"Since first opening in 1934 in a converted sheepfold off 67th Street, on the western edge of Central Park, the storied franchise (which is still licensed by the Parks Department) has been a reliable hit. Joe Baum put the restaurant on the national culinary map during the 1960s, and when Warner LeRoy doubled the capacity several years later and added the famous Crystal Room, it became one of the great circus-dining destinations in the world. LeRoy’s heirs ran the profitable old production for years (in 2006, it was still the second-highest-grossing restaurant in the USA, behind Tao Las Vegas), until the great crash of 2008 brought their company to its knees. Now, after years of drama and delay, Tavern on the Green has opened its doors once again, this time under the direction of a hospitality operation originally from Philadelphia called the Emerald Green Group. " So begins Adam Platt's zero star review of the re-opened Tavern On The Green. Others have not been glowing. Even the Post got a few kicks in. Peter Wells' scathing takedown in the New York Times might be better experienced with some happy sheep.
posted by The Whelk on Jul 27, 2014 - 69 comments

Make reservation by phone for the greatest dinner of your life

Where Restaurant Reservations Come From: Why did the practice develop? In the startup terms of our day, what problem did the institution of restaurant reservations solve? Well, the answer boils down to... sex and propriety.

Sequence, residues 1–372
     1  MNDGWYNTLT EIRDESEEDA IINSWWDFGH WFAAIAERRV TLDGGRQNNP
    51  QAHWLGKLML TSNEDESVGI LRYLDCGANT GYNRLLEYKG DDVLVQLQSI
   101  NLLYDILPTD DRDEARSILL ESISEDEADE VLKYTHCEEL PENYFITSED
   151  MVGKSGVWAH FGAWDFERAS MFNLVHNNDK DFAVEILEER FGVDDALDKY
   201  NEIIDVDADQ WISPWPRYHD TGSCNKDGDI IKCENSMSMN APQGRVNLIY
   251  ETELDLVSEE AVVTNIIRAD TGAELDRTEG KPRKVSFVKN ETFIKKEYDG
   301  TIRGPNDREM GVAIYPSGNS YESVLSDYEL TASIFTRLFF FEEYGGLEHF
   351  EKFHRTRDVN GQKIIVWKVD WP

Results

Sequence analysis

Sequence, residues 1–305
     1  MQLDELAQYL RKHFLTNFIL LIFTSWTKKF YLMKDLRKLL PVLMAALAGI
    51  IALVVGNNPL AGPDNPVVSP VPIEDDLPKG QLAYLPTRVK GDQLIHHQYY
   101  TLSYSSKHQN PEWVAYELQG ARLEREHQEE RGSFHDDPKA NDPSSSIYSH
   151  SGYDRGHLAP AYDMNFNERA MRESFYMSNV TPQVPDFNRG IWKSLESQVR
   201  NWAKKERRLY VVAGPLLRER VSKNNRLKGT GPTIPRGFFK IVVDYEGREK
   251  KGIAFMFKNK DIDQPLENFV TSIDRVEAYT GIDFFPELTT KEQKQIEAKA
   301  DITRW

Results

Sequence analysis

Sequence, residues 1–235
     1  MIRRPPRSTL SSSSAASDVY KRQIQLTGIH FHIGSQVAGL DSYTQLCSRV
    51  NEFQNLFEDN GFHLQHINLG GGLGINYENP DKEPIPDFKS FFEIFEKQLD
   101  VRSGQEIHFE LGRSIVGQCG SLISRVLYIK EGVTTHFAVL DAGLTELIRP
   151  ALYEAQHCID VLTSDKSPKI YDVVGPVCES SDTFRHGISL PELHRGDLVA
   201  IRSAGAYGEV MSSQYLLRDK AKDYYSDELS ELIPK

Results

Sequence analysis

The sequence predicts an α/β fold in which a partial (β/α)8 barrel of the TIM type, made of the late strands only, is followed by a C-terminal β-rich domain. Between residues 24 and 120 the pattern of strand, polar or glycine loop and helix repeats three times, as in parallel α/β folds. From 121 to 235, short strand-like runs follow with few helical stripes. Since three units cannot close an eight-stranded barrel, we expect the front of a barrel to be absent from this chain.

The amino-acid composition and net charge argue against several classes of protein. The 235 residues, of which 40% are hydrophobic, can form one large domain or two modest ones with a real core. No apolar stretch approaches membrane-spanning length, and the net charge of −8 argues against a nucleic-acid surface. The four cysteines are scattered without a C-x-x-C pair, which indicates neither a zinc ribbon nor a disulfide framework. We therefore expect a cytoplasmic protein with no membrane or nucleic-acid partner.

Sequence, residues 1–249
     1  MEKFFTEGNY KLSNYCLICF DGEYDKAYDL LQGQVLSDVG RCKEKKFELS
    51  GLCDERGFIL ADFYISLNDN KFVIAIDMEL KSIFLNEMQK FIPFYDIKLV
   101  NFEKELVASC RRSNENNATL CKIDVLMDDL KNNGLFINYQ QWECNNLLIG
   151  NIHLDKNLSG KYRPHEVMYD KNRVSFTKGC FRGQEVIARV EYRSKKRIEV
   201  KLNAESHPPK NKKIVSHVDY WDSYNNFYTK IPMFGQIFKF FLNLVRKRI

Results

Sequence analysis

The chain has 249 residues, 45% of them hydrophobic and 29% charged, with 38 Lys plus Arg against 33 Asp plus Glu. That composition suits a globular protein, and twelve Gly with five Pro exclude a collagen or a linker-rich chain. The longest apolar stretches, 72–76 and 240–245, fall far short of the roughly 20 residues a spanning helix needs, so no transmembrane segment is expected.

posted by Cash4Lead on Jul 24, 2014 - 36 comments

Beyond "Scarface" and Cigars

How to Eat Like a Cuban
"It wasn't until I was adopted into an enormous Cuban-American family, thanks to my fiancé , that I learned how to spot the Cubans—and now that I can, I see them everywhere. In three years, my extremely white self has gone from not being able to pronounce dulce de leche (don’t match those ch sounds—that’s a basic move) to knowing that I like my arroz con pollo asopao (a soupier preparation that ends up almost risotto-like).

Some of the stereotypes are true: Cubans love to party, and they can eat. Backyard pig roasts are the traditional way to celebrate pretty much any special occasion—this is a country whose two greatest exports (if they could export them) are cigars and sugar.

Bottom line: If you find some real Cubans, it's in your best interest to make friends, fast. Here's what you need to know to keep up without looking like a chump."